The Passion

The Passion

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Henri had a passion for Napoleon and Napoleon had a passion for chicken. From Boulogne to Moscow Henri butchered for his Emperor and never killed a single man. With a de-frocked priest and a midget groom, Henri witnessed the scourge of Europe. In Venice, the city of chance and disguises, a great beauty was born with the webbed feet of her boatman father. In the casino, Villanelle learned that what people risk reveals what they value - she gambled her heart and lost. For eight years the soldier-chef watched young men die and his love for Napoleon turned to hate. Passion does not take disappointment well. He found the Venetian beauty whose heart was lost and together they fled frozen Russia to the canals of darkness and more

Product details

  • Paperback | 176 pages
  • 128 x 194 x 16mm | 81.65g
  • Vintage Publishing
  • London, United Kingdom
  • English
  • New edition.
  • 0099734419
  • 9780099734413
  • 39,803

Flap copy

Set during the tumultuous years of the Napoleonic Wars, "The Passion intertwines the destinies of two remarkable people: Henri, a simple French soldier, who follows Napoleon from glory to Russian ruin; and Villanelle, the red-haired, web-footed daughter of a Venetian boatman, whose husband has gambled away her heart. In Venice's compound of carnival, chance, and darkness, the pair meet their singular destiny. In her unique and mesmerizing voice, Winterson blends reality with fantasy, dream, and imagination to weave a hypnotic tale with stunning more

Review quote

"It's a fantasy, a vivid dream... inventive and brilliant" Guardian "As moving and funny as it is skilful, and reflects the author's formiddable appetite for life" Sunday Times "A book of great imaginative audacity and assurance...brilliantly physical (and funny) detail" Times Literary Supplement "Its concentrated, beautifully detailed prose recalls the diction of fairy tales; its plot incorporates their magic, their shrewd wit and brutality...a deeply imagined and beautiful book, often arrestingly so" New York Times "Lyrical prose penetrates to the heart of things... She knows how to speak plain truth and at the same time satisfy our longing for the fabulous. She's telling you stories. Trust her" Washington Postshow more

About Jeanette Winterson

Jeanette Winterson OBE is the author of ten novels, including Oranges are not the Only Fruit, The Passion and Sexing the Cherry; a book of short stories, The World and Other Places; a collection of essays, Art Objects as well as many other works, including children's books, screenplays and journalism. Her writing has won the Whitbread Award for Best First Novel, the John Llewellyn Rhys Memorial Prize, the E. M. Forster Award and the Prix d'argent at Cannes Film Festival. She lives in London and Gloucestershire. To find out more visit her website at more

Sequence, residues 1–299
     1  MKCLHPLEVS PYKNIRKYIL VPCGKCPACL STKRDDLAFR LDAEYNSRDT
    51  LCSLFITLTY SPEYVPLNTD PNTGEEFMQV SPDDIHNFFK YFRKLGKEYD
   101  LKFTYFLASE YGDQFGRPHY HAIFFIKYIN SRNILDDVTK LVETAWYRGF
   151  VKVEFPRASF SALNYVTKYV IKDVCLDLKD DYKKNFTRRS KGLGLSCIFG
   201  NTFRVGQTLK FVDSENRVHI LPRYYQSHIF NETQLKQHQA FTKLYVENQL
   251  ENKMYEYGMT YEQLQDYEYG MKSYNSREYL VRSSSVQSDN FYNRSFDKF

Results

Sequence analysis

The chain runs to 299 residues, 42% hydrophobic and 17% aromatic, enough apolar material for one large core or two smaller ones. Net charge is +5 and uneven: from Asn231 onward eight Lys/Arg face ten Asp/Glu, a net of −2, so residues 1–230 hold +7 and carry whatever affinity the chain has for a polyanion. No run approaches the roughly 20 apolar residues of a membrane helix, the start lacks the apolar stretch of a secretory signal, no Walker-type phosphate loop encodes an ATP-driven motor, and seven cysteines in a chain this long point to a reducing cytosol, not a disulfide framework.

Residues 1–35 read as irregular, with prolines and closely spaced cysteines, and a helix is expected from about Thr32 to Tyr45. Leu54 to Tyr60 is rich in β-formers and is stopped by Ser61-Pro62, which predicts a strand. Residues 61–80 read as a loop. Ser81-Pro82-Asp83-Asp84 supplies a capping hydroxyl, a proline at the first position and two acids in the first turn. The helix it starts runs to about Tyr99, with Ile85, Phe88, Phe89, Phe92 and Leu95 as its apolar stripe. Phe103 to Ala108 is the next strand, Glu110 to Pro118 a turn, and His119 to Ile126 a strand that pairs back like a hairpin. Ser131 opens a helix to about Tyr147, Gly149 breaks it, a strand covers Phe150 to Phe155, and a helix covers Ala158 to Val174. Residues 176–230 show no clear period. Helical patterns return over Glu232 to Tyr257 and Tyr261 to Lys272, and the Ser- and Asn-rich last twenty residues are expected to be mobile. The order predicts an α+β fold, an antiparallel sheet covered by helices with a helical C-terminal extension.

Review Text

An exhilarating tale of lust, love and magical transformations of the heart during ten years of the Napoleonic Wars, first published in England in 1987. Three of four sections of this slim, crisp, dreamy novel are narrated by Henri, a young French foot-soldier whom Napoleon chooses over a fat cook one fateful day in 1805 to be the keeper of his personal larders as the French army begins its forced march east to the "zero" Russian winter of defeat: the third section is told by Villanelle, a cardsharp in conquered Venice whose marriage to (and betrayal of) a grotesquely fat, sinister foreign gambler ends in her being sold to Napoleon's officer corps as a traveling whore. In Russia, she and Henri meet as the French army is collapsing and the Russian countryside is erupting in flames; with Patrick, a wildly visionary defrocked Irish priest, they flee, making their way back to Venice. Patrick dies in the cold: Henri falls in love with Villanelle, whose marriage to the fat gambler (as well as a previous love affair with a queenlike Venetian matron) causes trouble for both of them once they reach Villanelle's old home. Henri is dispatched by gondolier to steal back Villanelle's living heart from the palazzo of "the Queen of Spades," and having replaced it in her breast, murders her fat husband (the cook whom he bested in France) to keep it there. Then he goes mad, and, like Napoleon himself, is locked away in an island prison to contemplate his "passion," and Napoleon's and human kind's, evermore, while Villanelle rows below daily in a boat. The moral: One doesn't know what he or she loves best until it has been risked in a final, deadly gamble - by a fascinating, Robertson Davies-like writer in full possession of her considerable powers here. (Kirkus Reviews)show more
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